A Georgia lawyer won a $500,000 settlement for his client, whose health plan had already provided $180,000 in medical treatment. The insurance policy had a subrogation clause but the health plan was not reimbursed out of the settlement proceeds. The plan sued and eventually won in the federal district court. The lawyer appealed to the 7th circuit, and a panel released its opinion this week. Judge Richard Posner rejected the lawyers claim that the plan was owed nothing because the settlement had been intended solely to compensate Lewis for the driver’s “post‐accident tortious conduct” against her:
That’s nonsense; the settlement agreement states that it “encompass[es] all claims and demands whatsoever that were or could have been asserted ... [for] damages, loss, or injury ... which may be traced either directly or indirectly to the occurrences set forth in the aforesaid civil action [the personal injury suit arising from the accident] ... no matter how remotely they may be related to the aforesaid occurrences.” Even the check that [the lawyer] wrote to [his client] for her share of the proceeds says it’s “for settlement of all 10/08/08 claims”—and October 8, 2008 was the date of the accident.
The lawyer did not help himself on appeal:
The defendants’ appeal brief is a gaunt, pathetic document (there is no reply brief). Minus formal matter, it is only eight and a half pages long. Brevity is the soul of wit, and all that, but still: the first seven and a half pages are simply a recitation of the history of the Georgia lawsuit, the settlement negotiations, and the present suit, along with questionable and irrelevant facts; and the tiny argument section of the brief—118 words, including cita‐ tions—states merely, without detail or elaboration, that the defendants do not possess the settlement funds and therefore can’t restore them. ...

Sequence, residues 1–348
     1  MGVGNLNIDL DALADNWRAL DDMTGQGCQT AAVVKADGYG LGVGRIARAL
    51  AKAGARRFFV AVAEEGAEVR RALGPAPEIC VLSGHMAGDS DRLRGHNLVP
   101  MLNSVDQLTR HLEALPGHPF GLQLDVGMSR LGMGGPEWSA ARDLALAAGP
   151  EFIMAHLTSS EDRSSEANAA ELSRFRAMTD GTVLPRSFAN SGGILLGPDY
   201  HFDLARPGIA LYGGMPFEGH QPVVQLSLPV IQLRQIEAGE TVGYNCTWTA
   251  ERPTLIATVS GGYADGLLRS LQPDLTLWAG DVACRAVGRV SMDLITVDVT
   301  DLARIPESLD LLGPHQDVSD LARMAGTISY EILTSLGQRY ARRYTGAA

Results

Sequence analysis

We are issuing an order to the defendants to show cause why they should not be sanctioned under Rule 38 for filing a frivolous appeal. Their response is due within 30 days from the date of this decision. ...
The defendants’ conduct has been outrageous. After resolving the merits of the underlying suit, the district court should give serious consideration to transmitting copies of this opinion and the record to the Department of Justice and to the General Counsel of the Georgia Bar. In the meantime, we direct the district court to determine whether the defendants should be jailed (a standard remedy for civil contempt, see, e.g., Turner v. Rogers, 131 S. Ct. 2507, 2512–13 (2011); In re Grand Jury Proceedings, 280 F.3d 1103, 1107–08 (7th Cir. 2002)), until they comply with the order to deposit the settlement proceeds in a trust account.